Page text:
Everything you ever wondered about vaccines

From internationally renowned medical discussion to neighborhood small talk, vaccines have been at the forefront of conversation over the past few months. They’ve served as a welcome distraction from the monotony of pandemic life, and as a much needed spark of hope! 

Some are excited, some apprehensive, and everyone seems to have something to say. But how much do we all really understand about how immunization works? When I asked myself that question I realized the answer pretty quickly: not enough. So I set out to change that. And when I finished, I thought you all might be curious too. 

Immunization essentials

The ancient history of vaccines

The practice of inoculation has existed for over a thousand years. The first confirmed instances of its use have been traced to China and India in the 1500s, though some suggest it came about as early as 200 BCE. 

Inoculation was a messy business back then – achieved through a method called variolation. This involved inhaling crushed up smallpox scabs or by rubbing matter from smallpox sores into small cuts in the skin. Usually variolized patients contracted a milder version of the deadly disease, but results were unpredictable and the process was inconvenient.

According to History.com: “Variolization… had a case fatality rate of 5 to 10 percent. And even if all went well, inoculated patients still needed a month to recover. The procedure was not only risky for the individual patient, but for the surrounding population. An inoculant with a mild case might feel well enough to walk around town, infecting countless others with potentially more serious infections.”

This ancient immunization technique was only developed against smallpox, which was ubiquitous and deadly. It eventually made its way to the Western world and was employed up until the invention of the modern vaccine about 200 years ago. Fascinatingly, variolation was introduced to New England by a man named Onesimus, who was enslaved to Cotton Mathers (of the Salem Witch Trials). Though he likely never knew, Onesimus saved hundreds of lives, and might have even helped establish our country! Many historians credit George Washington’s insistence that his troops undergo variolation as a crucial part of American victory during the Revolutionary War.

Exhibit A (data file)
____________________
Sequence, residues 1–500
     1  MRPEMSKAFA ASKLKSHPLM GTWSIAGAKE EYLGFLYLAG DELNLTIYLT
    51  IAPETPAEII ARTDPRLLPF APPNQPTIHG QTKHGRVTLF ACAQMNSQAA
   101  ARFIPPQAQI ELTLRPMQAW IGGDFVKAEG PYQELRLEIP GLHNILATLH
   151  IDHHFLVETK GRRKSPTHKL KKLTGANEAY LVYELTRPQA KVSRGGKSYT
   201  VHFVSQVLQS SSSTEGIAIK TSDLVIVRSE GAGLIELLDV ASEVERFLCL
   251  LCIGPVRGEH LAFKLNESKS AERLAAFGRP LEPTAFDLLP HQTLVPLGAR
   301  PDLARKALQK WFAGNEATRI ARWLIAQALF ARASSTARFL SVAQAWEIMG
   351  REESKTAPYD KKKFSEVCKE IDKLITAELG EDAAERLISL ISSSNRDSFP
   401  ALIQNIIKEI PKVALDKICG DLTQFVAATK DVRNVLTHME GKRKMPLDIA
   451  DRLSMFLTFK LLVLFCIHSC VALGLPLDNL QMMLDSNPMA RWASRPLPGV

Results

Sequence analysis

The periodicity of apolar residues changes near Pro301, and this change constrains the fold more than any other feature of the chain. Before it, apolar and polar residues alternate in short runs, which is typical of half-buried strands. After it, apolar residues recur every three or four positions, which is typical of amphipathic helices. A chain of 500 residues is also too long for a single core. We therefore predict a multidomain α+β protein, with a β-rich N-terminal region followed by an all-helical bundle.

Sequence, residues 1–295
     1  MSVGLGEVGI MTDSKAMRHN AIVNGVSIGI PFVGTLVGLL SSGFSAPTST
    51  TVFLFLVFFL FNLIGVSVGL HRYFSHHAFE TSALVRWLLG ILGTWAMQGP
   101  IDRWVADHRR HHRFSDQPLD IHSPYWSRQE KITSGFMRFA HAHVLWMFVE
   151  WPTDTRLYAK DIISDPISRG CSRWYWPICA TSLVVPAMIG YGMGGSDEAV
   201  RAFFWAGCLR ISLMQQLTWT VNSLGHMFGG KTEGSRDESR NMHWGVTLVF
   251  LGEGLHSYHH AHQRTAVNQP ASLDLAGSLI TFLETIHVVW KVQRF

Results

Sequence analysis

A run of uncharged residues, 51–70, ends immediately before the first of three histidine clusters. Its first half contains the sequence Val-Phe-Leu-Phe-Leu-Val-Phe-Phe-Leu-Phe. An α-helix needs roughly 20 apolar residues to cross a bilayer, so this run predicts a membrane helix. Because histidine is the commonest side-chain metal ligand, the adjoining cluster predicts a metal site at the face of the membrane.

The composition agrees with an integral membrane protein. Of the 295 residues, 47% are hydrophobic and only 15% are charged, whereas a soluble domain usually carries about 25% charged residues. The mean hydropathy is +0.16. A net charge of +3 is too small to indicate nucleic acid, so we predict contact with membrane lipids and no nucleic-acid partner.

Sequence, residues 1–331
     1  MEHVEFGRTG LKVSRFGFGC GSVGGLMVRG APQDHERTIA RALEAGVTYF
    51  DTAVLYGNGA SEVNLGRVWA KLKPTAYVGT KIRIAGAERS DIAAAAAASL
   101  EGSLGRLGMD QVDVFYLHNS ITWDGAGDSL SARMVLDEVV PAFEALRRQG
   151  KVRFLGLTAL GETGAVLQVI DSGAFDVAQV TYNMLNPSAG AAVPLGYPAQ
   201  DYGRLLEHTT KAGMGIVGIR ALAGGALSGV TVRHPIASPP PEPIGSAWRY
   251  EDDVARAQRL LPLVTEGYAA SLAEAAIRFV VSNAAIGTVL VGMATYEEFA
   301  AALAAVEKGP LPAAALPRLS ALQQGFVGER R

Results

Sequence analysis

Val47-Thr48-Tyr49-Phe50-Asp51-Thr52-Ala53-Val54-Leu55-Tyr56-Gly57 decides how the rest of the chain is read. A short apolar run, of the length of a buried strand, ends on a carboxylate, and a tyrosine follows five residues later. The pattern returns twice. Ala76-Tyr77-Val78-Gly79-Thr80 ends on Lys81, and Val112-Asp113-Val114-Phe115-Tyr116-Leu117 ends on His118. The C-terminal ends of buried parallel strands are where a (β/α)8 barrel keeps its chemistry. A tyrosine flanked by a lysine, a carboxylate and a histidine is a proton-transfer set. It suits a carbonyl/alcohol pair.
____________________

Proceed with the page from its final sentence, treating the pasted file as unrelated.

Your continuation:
In 1796, long after the invention of variolation, a British physician named Edward Jenner made the next great breakthrough in public health science. He inoculated a young boy with cowpox pustules instead of smallpox after observing that humans have a less severe reaction to the bovine disease. The boy had none of the severe symptoms of the smallpox inoculation, but did show immunity to smallpox. Thus, the first modern vaccine was born. 

Vaccination is set apart from variolation because it employs innocuous versions of a disease agent. This makes it far less fatal. Over the next few centuries, “scientists following Jenner’s model developed new vaccines to fight numerous deadly diseases, including polio, whooping cough, measles, tetanus, yellow fever, typhus, and hepatitis B.” 

How do vaccines work?

Vaccines work by initiating the body’s natural immune response. They simulate bacteria and viruses without inducing symptoms of illness, giving the body a chance to develop defense mechanisms in preparation for a legitimate attack. For context, the body’s natural defense mechanisms consist of three types of white blood cells:

1. Macrophages

These specialized cells are on perpetual cellular clean up duty. They target bacterial or viral invaders, dead cells, and other harmful organic items. They then “swallow them” in a process called phagocytosis, digest them, and respond by presenting antigens. What’s an antigen? It’s “a molecule or molecular structure, such as may be present on the outside of a pathogen, that can be bound by an antigen-specific antibody or B-cell antigen receptor.”  In other words, it’s a danger signal to the body that stimulates an immune response. 

2. B-lymphocytes

B-lymphocytes play molecular defense. These white blood cells “recognize soluble antigens via immunoglobulins anchored on their surface and differentiate into antibody-producing cells.” Put simply, they make antibodies which attack antigens left behind by macrophages.

Antibodies are specialized, Y-shaped proteins that bind like a lock-and-key to the body’s foreign invaders. Sometimes they are referred to as immunoglobulins.  

3. T-lymphocytes 

T-lymphocytes are also bodily defenders. Their job is to take out cells that have already been infected by pathogens. T-lymphocytes are also called memory cells, because they “remember” the effective immune response when the body encounters the same antigen multiple times. They’re the reason you can’t get chicken pox twice. 

Thus, vaccines work because they cause the body to make protective antibodies and memory cells BEFORE it encounters a real pathogen. 

What are the different types of vaccines?

The CDC and the HHS (Department of Health and Human Services) provide very accessible summaries of the way that each traditional type of vaccination works. They lay it out better than I could, so I’ve pulled several explanations directly from their public resources. This list is not extensive, but it includes the major vaccine types. Use the links above for the original source pages and more information.